2. Gap Partnerships are ones where you look for ways to improve the quality and effectiveness of what you do by teaming up with organisations that have a complementary focus, products, services or skills that save you from having to employ or develop them yourselves. You can offer each other all sorts of value, from access to different audiences to new skills and capabilities and most crucially, credibility through association.

    This form of partnership is particularly applicable to connecting and working with commercial organisations that are interested in your target audience, or could gain brand kudos through their association with your social cause. Their involvement may include financial support, access to commercial networks and platforms, specialist skills, operational services or progression pathways.

    The trick for social organisations is to identify and develop their audiences, services and brand image in a way that makes them attractive to other organisations. Note that contrary to assumption, this has no correlation with compromising core purpose, and typically is only achievable by staying focused to the social cause and social outcomes.

Could Partnerships And Collaboration Save The Third Sector?

In a recent post on whether the Retail Industry Could Save Itself Using Game Theory I discussed how retailers have exhibited classic non-cooperative behaviour, which has significantly damaged their abilities to survive the credit crunch. By focusing only on individual interest and survival, their collective hyper-competitive actions have likely damaged their entire industry's market size.

The charity sector is becoming similarly nucleated by self interest in raising funding. In my previous post on Small Charities Struggling To Survive The Crunch I discussed reasons why small charities are struggling to adapt in the current climate. What I didn't go into is the fact that there is a plethora of small and mid-sized organisations out there, all competing against each other for diminishing funding, and this is only accelerating their slide towards closure.

The trouble is that the funding they are competing for tends to be governmental or Trust based, or small scale social funding for Social Enterprises. This is because their small sizes mean that they struggle to tap into large scale CSR philanthropy or investment, because their brand recognition and localised outcomes are too negligible to return any associative value back to big corporations. The top 400 UK organisations handed out nearly half a billion pounds in 2008, and small charities and social enterprises probably saw very little of it.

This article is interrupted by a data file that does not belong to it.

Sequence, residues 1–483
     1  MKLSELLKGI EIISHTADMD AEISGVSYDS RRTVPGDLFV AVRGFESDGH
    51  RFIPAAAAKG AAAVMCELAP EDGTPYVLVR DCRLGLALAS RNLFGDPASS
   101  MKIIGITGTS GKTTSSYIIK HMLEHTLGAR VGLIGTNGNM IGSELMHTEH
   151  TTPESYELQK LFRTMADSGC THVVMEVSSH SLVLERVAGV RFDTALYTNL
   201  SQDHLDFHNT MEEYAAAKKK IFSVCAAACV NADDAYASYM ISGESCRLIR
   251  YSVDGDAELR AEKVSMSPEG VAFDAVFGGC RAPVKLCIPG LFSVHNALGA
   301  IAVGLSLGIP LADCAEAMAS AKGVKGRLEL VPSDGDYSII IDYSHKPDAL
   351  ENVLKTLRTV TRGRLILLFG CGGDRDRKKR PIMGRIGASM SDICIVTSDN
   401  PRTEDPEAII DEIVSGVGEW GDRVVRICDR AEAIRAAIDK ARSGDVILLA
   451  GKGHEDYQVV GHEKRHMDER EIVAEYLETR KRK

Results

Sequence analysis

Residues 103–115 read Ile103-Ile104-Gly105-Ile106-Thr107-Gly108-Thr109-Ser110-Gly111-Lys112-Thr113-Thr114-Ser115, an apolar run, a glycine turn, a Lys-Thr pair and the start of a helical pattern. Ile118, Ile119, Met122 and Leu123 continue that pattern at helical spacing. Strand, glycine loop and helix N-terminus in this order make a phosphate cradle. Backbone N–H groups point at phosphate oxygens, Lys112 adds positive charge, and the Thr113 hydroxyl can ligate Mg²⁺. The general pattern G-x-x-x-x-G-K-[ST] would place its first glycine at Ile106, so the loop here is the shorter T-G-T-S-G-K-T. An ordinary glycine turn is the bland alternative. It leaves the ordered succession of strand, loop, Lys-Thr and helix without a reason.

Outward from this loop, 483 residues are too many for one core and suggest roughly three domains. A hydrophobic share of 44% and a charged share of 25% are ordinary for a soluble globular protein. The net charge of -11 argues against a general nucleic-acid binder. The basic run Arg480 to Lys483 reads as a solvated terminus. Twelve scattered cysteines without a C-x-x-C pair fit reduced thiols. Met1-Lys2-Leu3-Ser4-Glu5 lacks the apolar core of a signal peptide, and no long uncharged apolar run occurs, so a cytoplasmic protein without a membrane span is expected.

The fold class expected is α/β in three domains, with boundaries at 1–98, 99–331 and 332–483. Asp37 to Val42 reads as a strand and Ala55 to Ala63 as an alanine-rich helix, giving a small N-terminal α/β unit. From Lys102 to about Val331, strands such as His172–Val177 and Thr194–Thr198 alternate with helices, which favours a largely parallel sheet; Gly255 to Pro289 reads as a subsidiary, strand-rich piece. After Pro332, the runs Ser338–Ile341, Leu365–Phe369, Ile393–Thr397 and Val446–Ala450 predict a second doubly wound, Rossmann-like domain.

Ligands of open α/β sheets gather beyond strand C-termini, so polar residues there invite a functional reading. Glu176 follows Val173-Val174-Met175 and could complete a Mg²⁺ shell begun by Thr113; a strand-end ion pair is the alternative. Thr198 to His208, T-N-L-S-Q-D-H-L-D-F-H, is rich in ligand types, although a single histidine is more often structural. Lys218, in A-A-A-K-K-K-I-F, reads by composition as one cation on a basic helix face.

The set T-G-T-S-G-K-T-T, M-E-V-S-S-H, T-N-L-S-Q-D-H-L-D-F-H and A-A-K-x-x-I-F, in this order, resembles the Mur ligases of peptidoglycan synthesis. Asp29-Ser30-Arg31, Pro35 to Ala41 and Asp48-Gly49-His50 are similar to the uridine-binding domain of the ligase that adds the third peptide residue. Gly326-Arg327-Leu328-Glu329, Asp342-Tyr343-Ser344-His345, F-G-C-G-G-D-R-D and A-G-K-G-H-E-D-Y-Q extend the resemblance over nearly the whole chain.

However there is no need for things to be this way. More than commercial industries, the social sector is perfectly placed to cooperate and collaborate to survive. Partnerships can help reduce costs and increase the scale of funding that can be accessed. More importantly however, they can create connected support networks and buffers to keep each other going through difficult periods.

As the Chair of a medium sized youth charity, I can see potential in 3 forms of Partnership that could save many small charities and social enterprises from going under over the next few years.

  1. Sharing operational costs and services
  2. Collaborating with competitors to develop better and larger scale joint-propositions
  3. Developing complementary partnerships with non-competitors to reach new audiences

I'll discuss these in more detail in my next post on the 3 Types of Partnership

Small Charities are Struggling to Survive The Crunch

Children England, the umbrella group for children's charities just published results of a survey of small charities (under £250,000). Turns out 4 out of 10 are now in a vulnerable state and could be facing closure if their fundings don't come through. This is up from 1 in 10 in 2007, which is a clearly indictment of the current situation.

Unfortunately this is something I'd predicted a little while ago in my post "Will Charities Survive The Credit Crunch?"